We yearn to connect and we feel the pain of disconnection from ourselves but we simply do not know how to. Our perfect internal seed of connection is waiting to be watered …
Codependency Means Disconnection from Others
In a codependent family of origin we also do not learn healthy ways of relating to others.
We are not being shown respectful ways of relating. There are lots of boundary-violations because we do not know where one ends and another one begins.
We see others as our property or see ourselves as someone else’s. Maybe we believe that others exist to serve our wants and needs or that we are someone else’s servant.
We are innocently misguided by taking responsibility for others while making others responsible for us. We give to get and approach others with fear and from a state of lack.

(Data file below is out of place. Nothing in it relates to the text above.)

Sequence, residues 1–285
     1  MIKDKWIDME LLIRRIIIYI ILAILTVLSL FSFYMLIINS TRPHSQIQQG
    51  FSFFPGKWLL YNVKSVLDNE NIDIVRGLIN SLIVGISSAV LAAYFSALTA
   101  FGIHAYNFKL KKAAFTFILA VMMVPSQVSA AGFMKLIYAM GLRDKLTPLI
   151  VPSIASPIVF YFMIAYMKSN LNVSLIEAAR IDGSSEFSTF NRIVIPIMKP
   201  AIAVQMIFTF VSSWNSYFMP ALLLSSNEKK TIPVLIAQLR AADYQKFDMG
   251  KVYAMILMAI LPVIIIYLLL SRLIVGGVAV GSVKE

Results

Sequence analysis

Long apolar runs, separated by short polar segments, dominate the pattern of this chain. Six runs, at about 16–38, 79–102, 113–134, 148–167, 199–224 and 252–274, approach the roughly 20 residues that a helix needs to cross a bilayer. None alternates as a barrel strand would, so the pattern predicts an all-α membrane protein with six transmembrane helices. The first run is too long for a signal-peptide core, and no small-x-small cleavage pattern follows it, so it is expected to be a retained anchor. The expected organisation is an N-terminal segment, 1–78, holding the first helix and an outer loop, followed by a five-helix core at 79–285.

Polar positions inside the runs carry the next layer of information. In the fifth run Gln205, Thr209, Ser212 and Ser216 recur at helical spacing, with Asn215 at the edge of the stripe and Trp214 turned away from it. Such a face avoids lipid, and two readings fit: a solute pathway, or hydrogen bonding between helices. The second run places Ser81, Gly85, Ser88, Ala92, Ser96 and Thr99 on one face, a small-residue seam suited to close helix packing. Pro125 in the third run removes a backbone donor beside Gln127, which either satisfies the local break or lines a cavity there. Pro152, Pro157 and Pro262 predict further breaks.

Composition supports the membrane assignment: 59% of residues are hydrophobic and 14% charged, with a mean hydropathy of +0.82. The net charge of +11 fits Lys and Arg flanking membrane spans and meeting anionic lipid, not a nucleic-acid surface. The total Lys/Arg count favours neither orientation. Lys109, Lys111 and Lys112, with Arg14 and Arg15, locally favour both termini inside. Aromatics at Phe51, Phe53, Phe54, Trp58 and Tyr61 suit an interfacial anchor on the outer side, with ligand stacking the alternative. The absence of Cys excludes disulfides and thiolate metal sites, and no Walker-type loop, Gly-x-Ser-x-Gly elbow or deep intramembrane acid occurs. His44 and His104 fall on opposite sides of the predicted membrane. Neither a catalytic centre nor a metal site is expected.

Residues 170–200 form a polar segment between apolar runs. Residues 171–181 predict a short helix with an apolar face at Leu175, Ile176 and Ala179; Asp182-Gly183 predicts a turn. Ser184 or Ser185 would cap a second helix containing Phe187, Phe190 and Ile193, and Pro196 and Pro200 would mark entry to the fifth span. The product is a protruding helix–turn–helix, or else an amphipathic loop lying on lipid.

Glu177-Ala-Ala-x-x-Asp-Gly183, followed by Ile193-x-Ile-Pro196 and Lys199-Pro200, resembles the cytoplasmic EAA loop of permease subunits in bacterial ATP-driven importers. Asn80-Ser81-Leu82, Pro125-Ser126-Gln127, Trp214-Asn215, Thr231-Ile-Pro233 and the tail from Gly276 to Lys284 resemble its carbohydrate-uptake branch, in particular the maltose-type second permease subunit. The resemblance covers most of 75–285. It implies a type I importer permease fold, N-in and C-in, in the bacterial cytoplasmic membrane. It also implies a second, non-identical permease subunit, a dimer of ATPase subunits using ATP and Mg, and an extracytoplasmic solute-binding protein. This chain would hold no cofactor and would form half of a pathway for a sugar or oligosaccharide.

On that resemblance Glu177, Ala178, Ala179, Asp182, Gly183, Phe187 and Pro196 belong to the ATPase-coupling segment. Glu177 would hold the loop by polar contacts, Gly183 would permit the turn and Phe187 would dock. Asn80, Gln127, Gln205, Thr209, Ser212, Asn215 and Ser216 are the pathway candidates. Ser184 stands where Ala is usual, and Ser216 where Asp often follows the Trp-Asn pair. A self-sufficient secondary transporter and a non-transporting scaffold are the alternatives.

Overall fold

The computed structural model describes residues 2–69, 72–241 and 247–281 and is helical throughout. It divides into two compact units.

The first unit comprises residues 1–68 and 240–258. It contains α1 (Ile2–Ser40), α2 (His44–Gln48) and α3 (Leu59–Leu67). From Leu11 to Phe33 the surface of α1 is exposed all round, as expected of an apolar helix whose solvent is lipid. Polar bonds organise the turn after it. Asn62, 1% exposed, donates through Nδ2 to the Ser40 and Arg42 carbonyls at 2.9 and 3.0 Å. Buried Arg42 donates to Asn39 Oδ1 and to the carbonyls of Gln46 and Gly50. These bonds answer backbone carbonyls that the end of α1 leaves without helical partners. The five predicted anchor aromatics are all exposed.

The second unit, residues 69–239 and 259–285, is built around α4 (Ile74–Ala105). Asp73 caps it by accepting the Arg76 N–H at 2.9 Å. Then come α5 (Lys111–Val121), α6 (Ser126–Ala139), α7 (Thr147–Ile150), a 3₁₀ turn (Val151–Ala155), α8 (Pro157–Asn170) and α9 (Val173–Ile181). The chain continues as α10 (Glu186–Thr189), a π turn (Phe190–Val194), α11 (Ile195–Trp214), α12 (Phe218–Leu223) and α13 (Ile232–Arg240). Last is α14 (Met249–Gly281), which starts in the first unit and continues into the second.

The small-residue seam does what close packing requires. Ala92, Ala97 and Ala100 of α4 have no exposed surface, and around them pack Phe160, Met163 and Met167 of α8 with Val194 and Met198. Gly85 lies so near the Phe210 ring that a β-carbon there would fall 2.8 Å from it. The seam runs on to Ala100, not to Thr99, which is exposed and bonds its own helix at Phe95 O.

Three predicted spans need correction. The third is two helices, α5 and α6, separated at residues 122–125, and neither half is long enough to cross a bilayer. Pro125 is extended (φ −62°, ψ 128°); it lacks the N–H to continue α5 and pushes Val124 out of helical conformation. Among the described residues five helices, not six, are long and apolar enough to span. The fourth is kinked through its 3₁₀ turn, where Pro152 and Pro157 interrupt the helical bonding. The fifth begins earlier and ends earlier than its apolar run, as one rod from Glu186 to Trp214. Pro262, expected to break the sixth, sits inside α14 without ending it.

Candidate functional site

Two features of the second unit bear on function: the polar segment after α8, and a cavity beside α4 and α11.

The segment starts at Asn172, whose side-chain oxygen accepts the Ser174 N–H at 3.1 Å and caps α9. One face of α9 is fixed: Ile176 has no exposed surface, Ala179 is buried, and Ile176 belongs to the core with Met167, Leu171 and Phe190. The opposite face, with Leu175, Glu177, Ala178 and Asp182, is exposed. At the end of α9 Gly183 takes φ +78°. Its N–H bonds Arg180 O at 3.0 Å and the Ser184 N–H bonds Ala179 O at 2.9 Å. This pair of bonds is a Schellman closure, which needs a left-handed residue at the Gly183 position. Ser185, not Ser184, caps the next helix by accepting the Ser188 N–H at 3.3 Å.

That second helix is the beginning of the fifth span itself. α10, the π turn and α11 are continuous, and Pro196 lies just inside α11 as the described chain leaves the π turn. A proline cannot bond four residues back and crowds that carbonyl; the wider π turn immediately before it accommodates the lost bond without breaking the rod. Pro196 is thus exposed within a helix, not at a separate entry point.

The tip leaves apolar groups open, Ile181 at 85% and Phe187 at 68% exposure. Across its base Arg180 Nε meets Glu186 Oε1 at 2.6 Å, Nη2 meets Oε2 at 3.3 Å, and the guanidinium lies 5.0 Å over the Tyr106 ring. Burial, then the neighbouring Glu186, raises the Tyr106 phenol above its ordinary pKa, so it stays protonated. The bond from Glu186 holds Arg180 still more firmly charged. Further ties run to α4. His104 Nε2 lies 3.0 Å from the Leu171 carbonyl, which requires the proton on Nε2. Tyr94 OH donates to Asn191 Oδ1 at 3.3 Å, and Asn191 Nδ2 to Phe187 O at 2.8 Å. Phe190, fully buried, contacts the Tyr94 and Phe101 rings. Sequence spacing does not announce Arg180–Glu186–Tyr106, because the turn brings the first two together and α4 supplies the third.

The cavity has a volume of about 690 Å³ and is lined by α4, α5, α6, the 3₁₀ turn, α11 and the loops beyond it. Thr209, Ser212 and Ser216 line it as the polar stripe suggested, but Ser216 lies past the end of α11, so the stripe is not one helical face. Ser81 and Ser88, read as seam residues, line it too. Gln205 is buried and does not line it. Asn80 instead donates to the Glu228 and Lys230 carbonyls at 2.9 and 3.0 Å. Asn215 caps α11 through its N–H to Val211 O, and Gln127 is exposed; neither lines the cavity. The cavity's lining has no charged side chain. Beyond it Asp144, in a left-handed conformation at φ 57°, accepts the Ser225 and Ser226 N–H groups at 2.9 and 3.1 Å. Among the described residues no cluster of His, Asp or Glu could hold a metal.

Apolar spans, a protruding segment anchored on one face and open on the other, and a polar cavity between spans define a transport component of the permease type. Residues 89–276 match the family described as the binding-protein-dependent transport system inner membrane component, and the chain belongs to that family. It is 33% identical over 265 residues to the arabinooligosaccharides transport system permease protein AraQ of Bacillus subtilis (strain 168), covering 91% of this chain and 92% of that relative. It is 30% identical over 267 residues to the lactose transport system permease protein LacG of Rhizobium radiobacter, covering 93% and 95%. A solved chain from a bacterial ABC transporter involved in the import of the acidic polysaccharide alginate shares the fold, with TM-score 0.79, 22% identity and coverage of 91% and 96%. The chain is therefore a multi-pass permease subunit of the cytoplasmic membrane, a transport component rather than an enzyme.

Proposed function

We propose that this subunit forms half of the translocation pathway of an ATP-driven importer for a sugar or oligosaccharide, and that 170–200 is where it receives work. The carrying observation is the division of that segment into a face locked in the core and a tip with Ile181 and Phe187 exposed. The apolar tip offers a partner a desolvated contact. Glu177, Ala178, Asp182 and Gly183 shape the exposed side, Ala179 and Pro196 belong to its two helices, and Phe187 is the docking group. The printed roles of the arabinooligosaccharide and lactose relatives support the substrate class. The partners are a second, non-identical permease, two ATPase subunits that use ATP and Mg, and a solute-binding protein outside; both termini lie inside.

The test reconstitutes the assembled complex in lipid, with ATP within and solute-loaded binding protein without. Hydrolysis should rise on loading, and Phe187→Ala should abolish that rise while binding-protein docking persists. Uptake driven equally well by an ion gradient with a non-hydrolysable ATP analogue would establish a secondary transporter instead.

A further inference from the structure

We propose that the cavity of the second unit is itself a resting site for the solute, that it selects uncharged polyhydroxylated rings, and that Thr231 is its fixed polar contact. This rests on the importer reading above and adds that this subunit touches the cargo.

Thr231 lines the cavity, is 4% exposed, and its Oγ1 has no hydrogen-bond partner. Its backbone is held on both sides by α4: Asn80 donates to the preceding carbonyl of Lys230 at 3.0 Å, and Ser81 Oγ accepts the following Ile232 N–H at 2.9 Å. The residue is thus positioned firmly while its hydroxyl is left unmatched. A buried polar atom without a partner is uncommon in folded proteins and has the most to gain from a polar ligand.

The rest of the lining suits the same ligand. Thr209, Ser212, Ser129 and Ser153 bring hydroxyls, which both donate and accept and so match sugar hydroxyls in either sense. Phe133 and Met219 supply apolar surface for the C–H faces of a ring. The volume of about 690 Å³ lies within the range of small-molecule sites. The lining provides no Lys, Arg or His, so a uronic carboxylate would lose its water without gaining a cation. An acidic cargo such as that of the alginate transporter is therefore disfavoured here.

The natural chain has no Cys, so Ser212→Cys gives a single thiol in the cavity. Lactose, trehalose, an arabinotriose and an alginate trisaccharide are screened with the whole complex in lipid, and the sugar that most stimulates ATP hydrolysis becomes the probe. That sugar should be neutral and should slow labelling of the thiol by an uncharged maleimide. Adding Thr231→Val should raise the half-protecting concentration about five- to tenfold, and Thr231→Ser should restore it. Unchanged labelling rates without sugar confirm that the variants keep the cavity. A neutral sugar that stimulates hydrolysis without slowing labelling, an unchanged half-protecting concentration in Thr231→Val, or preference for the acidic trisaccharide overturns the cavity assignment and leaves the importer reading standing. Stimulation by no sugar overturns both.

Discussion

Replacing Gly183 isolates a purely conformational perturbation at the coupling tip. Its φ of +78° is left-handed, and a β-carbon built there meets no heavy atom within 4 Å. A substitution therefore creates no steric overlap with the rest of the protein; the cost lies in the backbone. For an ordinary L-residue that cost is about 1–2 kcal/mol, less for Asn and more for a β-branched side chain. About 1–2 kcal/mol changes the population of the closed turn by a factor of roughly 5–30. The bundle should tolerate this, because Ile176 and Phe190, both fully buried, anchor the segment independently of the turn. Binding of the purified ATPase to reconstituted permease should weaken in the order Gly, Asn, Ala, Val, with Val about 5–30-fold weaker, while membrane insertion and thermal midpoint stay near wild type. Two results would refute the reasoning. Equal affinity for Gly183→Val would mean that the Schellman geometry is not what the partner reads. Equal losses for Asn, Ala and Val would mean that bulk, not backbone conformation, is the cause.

We try to manipulate and control others to avoid dealing with our own pain – the pain of the disconnected self. We mistakenly believe that others can recover it for us and so focus on the outside when the solution is on the inside. We put an insane amount of effort into finding others to connect with so we can escape the pain.
But what is tragic is that this can never work. We cannot relate to others in loving and healthy ways because we do not know how to relate to ourselves in healthy and loving ways.
And by seeking out others with similar patterns, we deprive ourselves from the opportunity to learn new, healthy ways of relating that would show us how to water our own internal seed.
Codependency is all about unhealthy, unhelpful, and unloving ways of relating to ourselves and others. It is based on multiple misunderstandings that are passed on from generation to generation.
Symptoms Mask the Pain of Disconnection
Codependency is not a disease. It is it strongly ingrained habit of thinking, behaving, and relating that appears normal because in our family of origin it has been the norm.